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Stevens v. Colvin

United States District Court, C.D. California

July 28, 2016

CAROLYN W. COLVIN, Acting Commissioner of Social Security, Defendant.




         On April 9, 2013, Plaintiff Eric Paul Stevens (“Plaintiff”) applied for supplemental security income based on a disabling condition beginning November 29, 2009. (AR 194). On August 20, 2014, Administrative Law Judge (“ALJ”) Sally C. Reason heard testimony from Plaintiff. (AR 37-47). A supplemental hearing was held on February 23, 2015, and the ALJ heard testimony from medical expert (“M.E.”) Lynne Jahnke and vocational expert Ronald Hatakeyama. (AR 48-59). On February 25, 2015, the ALJ denied Plaintiff benefits in a written decision. (AR 21-30). The Appeals Council denied review of the ALJ’s decision. (AR 1-3).

         On August 24, 2015, Plaintiff filed a Complaint pursuant to 42 U.S.C. §§ 405(g) and 1383(c)(3) alleging that the Social Security Administration erred in denying benefits. (Docket Entry No. 1). On January 13, 2016, Defendant filed an Answer to the Complaint, (Docket Entry No. 14), and the Certified Administrative Record (“AR”), (Docket Entry No. 15). The parties have consented to proceed before a United States Magistrate Judge. (Docket Entry Nos. 10, 12). On March 25, 2016, the parties filed a Joint Stipulation (“Joint Stip.”) setting forth their respective positions on Plaintiff’s claims. (Docket Entry No. 17).

         For the reasons discussed below, the decision of the Administrative Law Judge is AFFIRMED.


         The ALJ applied the five-step process in evaluating Plaintiff’s case. (AR 21-23). At step one, the ALJ determined that Plaintiff had not engaged in substantial gainful activity after the date of his application. (AR 23). At step two, the ALJ found that Plaintiff’s severe impairments included degenerative disc disease of the lumbar spinal area, diverticulosis, hepatitis C, ventral hernia, and obesity. (AR 23). At step three, the ALJ found that Plaintiff’s impairments did not meet or equal a listing found in 20 C.F.R. Part 404, Subpart P, Appendix 1. (AR 23-24).

         Before proceeding to step four, the ALJ found that Plaintiff had the residual functional capacity (“RFC”) to “lift and/or carry twenty pounds occasionally and ten pounds frequently, stand and/or walk up to two hours in an eight-hour workday (no more than thirty minutes continuously), and sit without restriction, with no climbing ladders, ropes, or scaffolds, no more than occasional postural activities (i.e., balancing, stooping, kneeling, crouching, crawling, or climbing ramps or stairs); no exposure to unprotected heights; and no concentrated exposure to vibrations or extreme cold or heat.” (AR 24). The ALJ also determined that Plaintiff required “the ability to take a standing break once per hour (approximately five minutes in duration) at his workstation.” (AR 24). In formulating an RFC, the ALJ summarized medical evidence including a July 2011 opinion by examining physician Karl Epstein, M.D. (AR 25, 27-28). The ALJ gave Dr. Epstein’s opinion “significant probative weight, ” observing that Dr. Epstein had stated that Plaintiff could “work with proper motivation including[] sitting, standing and walking no greater than [two] hours.” (AR 28) (second alteration in original).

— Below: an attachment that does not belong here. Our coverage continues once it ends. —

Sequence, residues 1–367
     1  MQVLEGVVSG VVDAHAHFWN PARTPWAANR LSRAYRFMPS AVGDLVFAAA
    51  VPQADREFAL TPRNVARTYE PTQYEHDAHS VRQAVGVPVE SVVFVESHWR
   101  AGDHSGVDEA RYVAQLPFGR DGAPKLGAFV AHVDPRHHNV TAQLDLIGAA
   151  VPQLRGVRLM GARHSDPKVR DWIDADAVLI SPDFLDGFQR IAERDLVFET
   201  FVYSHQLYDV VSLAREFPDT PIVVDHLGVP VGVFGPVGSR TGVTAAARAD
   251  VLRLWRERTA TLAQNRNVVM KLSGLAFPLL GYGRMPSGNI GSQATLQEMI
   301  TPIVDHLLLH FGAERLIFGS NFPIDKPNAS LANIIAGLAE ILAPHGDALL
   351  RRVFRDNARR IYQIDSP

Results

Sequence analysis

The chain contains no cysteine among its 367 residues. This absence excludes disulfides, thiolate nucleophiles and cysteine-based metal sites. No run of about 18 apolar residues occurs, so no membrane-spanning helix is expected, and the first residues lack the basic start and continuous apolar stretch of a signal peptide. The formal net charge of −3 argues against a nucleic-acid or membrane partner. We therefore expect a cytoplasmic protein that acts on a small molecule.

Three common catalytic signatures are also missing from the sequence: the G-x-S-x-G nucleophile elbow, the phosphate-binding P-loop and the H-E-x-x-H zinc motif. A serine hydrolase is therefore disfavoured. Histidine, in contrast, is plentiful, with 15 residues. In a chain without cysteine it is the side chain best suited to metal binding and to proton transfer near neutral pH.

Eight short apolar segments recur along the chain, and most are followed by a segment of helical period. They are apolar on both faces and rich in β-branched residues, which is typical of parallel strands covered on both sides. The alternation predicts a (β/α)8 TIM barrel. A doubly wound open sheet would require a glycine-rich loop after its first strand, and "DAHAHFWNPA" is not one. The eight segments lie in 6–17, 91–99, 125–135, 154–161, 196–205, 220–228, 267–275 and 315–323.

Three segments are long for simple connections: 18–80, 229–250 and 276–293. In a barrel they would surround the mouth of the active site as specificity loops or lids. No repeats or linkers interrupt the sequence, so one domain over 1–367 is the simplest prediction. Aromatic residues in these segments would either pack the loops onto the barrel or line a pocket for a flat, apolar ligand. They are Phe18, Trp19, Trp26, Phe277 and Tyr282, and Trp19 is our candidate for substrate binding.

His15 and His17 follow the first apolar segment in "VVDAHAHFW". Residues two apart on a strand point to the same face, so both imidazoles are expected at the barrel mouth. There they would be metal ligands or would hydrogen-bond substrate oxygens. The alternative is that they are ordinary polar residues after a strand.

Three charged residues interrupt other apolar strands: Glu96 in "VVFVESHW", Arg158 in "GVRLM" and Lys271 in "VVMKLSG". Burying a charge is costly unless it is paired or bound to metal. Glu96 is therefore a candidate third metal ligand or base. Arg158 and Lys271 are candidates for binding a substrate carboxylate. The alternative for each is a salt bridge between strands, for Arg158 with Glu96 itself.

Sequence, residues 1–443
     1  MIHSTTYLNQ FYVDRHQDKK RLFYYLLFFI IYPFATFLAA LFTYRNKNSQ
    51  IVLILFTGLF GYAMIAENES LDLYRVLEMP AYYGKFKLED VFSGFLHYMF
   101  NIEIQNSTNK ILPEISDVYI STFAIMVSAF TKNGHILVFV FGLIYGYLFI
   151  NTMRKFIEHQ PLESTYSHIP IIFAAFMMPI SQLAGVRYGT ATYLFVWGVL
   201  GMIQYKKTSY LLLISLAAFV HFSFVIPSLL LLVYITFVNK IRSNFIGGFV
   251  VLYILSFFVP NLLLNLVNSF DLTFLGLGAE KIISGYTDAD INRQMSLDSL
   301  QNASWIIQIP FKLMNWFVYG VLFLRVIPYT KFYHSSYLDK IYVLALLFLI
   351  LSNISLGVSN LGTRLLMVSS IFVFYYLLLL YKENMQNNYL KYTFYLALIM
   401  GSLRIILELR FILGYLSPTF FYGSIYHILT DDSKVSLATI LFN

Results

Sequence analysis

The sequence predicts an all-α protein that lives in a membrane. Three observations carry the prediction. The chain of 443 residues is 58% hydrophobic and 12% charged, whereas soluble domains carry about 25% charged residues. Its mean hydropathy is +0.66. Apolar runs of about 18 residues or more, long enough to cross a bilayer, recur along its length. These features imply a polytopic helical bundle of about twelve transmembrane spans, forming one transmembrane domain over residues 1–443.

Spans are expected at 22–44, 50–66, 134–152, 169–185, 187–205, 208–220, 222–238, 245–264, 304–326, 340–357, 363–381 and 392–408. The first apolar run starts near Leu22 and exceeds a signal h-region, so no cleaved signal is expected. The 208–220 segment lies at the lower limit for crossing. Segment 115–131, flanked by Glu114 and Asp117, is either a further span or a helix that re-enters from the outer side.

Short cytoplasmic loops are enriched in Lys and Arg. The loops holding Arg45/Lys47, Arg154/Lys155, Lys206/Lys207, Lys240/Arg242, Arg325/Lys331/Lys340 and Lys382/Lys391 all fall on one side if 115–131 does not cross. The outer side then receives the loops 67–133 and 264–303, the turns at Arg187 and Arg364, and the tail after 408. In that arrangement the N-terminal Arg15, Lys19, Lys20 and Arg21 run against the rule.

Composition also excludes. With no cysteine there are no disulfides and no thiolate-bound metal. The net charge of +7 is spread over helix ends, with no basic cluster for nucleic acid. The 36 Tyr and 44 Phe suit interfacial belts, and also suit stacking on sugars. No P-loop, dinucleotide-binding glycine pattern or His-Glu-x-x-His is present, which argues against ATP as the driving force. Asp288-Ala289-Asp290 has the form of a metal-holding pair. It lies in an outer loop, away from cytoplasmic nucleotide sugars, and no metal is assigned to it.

At steps four and five, the ALJ determined that Plaintiff had no past relevant work but could work as a telephone information clerk or a lens inserter, optical goods industry. (AR 28-30). Accordingly, the ALJ determined that Plaintiff was not disabled within the meaning of the Social Security Act. (AR 30).


         This court reviews the Administration’s decision to determine if the decision is free of legal error and supported by substantial evidence. See Brewes v. Commissioner of Soc. Sec. Admin., 682 F.3d 1157, 1161 (9th Cir. 2012). “Substantial evidence” is more than a mere scintilla, but less than a preponderance. Garrison v. Colvin, 759 F.3d 995, 1009 (9th Cir. 2014). To determine whether substantial evidence supports a finding, “a court must consider the record as a whole, weighing both evidence that supports and evidence that detracts from the [Commissioner’s] conclusion.” Aukland v. Massanari, 257 F.3d 1033, 1035 (9th Cir. 2001) (internal quotation omitted). As a result, “[i]f the evidence can support either affirming or reversing the ALJ’s conclusion, [a court] may not substitute [its] judgment for that of the ALJ.” Robbins v. Soc. Sec. Admin., 466 F.3d 880, 882 (9th Cir. 2006).


         Plaintiff’s contends that Dr. Epstein assessed limitations inconsistent with Plaintiff performing full time work, and the ALJ was therefore required to either provide specific and legitimate reasons for partially rejecting Dr. Epstein’s opinion or ...

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